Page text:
There are an estimated 21,000 pieces of debris larger than 10 centimeters (4 inches) orbiting Earth right now. It’s the mucky result of space exploration, with items such as abandoned spacecrafts, payload carriers, remnants from controlled explosions, debris from intentional spacecraft separations, and rocket motor waste floating around our planet.
Space is filthy – and it needs cleaning up.
Swiss researchers at the École Polytechnique Fédérale de Lausanne (EPFL) in Lausanne, Switzerland, may have the answer. These researchers have been developing ways to safely and efficiently monitor, collect and destroy satellites that aren’t in use anymore and aren’t heading back to Earth.
Announced on Monday (July 6), their latest project CleanSpace One sees a spacecraft possibly launching into low-Earth orbit to collect and destroy a small cubic satellite named SwissCube. The spacecraft uses a “Pac-Man” technique of deploying a net to capture the small satellite before destroying it in space, much like the Eighties video game character.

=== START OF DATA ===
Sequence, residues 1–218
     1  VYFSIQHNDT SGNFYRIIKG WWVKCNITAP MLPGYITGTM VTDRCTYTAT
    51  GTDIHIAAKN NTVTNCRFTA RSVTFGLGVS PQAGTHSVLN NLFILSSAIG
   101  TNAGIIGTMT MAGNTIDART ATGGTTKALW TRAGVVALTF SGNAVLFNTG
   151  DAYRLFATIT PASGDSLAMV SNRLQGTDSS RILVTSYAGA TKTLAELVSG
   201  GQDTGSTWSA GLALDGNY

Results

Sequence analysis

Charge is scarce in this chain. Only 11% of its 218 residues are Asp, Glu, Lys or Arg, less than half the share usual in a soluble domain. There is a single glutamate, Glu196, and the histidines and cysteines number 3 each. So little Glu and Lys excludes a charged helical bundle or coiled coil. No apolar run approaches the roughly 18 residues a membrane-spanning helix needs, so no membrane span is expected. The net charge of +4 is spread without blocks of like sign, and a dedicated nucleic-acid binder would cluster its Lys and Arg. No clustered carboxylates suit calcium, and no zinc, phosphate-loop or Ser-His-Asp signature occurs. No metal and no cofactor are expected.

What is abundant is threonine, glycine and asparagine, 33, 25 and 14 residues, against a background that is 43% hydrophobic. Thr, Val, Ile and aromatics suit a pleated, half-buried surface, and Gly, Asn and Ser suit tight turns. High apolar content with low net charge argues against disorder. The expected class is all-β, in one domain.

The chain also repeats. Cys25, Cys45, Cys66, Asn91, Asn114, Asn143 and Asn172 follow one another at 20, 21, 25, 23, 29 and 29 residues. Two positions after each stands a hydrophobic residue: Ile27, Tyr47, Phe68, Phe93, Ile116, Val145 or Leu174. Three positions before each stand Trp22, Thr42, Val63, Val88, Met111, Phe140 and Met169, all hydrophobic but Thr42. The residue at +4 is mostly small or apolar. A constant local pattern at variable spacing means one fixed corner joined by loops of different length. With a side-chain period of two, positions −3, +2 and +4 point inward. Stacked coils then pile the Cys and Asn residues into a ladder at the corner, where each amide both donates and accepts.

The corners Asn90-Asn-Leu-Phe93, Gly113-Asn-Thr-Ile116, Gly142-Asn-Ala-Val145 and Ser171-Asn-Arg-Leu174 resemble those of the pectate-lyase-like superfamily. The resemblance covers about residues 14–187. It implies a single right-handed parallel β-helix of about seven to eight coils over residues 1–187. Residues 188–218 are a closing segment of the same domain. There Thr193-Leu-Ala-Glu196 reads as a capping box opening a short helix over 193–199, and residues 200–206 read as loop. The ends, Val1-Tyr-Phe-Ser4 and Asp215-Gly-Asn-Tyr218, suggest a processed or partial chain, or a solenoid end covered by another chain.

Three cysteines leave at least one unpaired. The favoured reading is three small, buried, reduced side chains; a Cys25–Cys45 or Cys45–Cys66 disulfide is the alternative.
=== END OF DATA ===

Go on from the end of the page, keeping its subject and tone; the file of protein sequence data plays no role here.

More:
"The idea is to have the biggest aperture possible, to increase the chance to eat the cube while it's near the chaser," EPFL's Michel Lauria explains in the video below.
As the cube could rebound out after hitting the back of the chaser, the net has to close at exactly the right time. For the net to close at the optimum time, exact measurements of position and speed of any inbound objects are required.
In raising awareness of the very real need of debris disposal, the Swiss development team are hopeful that CleanSpace One will launch into space in 2018.
[H/T: NBC News]